Gaza // Two Gaza militants killed by Israel on Saturday were the most senior Al Qaeda affiliates in the Palestinian enclave, and one had links to jihadi networks in Egypt, Jordan and Iraq, sources said yesterday.
Hisham Al Saedni and Ashraf Al Sabah, who were killed by an air strike as they rode a motorcycle, were ultraconservative Salafi Islamists.
Armed Salafis, while a fringe presence in Gaza, have been stepping up violence against Israel while at times clashing with the Palestinian Hamas government. They also operate in the neighbouring Egyptian Sinai.
Saedni and Sabah were leaders, respectively, of the Tawhid wa-Jihad and Ansar Al Sunna groups, two Salafi sources said. The movements share Al Qaeda's vision of global jihad and opposed the more pragmatic Islamism espoused by Hamas and Cairo's politically dominant Muslim Brotherhood.
The men had recently merged their groups to form the umbrella Majles Shoura Al-Mujahideen (Holy Warriors' Guidance Council), the sources said, becoming the de facto heads of the diffuse Gaza jihadi network.
"Their blood will be a light to guide the holy warriors through the right path and will be fire that will burn the Jews," one of the sources told Reuters, saying reprisals would not be limited to the short-range rocket launches that are Gaza militants' favoured mode of attack on Israel.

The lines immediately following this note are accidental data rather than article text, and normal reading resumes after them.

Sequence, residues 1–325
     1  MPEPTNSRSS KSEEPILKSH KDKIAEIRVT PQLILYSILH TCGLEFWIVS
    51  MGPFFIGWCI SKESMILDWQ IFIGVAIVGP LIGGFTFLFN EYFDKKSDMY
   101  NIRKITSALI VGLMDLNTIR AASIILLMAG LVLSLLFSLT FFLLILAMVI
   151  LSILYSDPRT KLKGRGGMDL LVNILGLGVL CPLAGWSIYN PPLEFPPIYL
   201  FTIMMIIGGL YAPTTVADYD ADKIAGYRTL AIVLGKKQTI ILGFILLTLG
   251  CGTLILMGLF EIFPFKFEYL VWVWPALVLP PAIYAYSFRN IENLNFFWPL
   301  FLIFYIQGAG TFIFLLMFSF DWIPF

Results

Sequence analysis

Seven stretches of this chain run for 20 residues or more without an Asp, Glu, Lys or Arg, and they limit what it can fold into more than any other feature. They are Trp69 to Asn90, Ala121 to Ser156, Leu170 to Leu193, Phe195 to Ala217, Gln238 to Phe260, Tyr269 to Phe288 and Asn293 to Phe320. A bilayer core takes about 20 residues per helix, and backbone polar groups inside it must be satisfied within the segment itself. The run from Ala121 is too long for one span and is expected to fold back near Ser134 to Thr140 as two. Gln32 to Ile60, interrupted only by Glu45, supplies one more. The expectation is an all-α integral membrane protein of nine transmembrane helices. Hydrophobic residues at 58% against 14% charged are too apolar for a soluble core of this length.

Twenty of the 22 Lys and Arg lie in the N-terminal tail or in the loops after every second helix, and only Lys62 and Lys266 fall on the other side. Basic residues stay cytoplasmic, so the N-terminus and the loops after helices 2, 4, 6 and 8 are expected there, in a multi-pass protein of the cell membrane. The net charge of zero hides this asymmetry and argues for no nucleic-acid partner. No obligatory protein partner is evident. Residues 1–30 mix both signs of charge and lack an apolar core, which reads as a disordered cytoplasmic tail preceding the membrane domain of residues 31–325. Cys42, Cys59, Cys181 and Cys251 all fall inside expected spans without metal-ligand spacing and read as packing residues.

The Salafi sources said Gaza-born Saedni, 47, had lived in Egypt and Jordan and had fought for Al Qaeda in Iraq. He had been wanted by Egypt on suspicion of involvement in attacks on tourist sites there.
Israel said the militant, who was freed from a Hamas jail in August after 11 months' locked up, had been behind a string of rocket and bomb attacks against the country and had planned to carry out a militant operation on its Sinai border.
"The Global Jihad is stepping up its efforts to target us, and we will continue to interdict it with aggression and might, in terms of both response and pre-emption," prime minister Benjamin Netanyahu told the Israeli cabinet in Jerusalem yesterday.
In a sign of Salafi assertiveness in Gaza, about 500 mourners attended Saedni's and Sabah's funerals. Some wore the smocks typical of the Al Qaeda bastions in Pakistan and Afghanistan but relatively uncommon among Palestinians.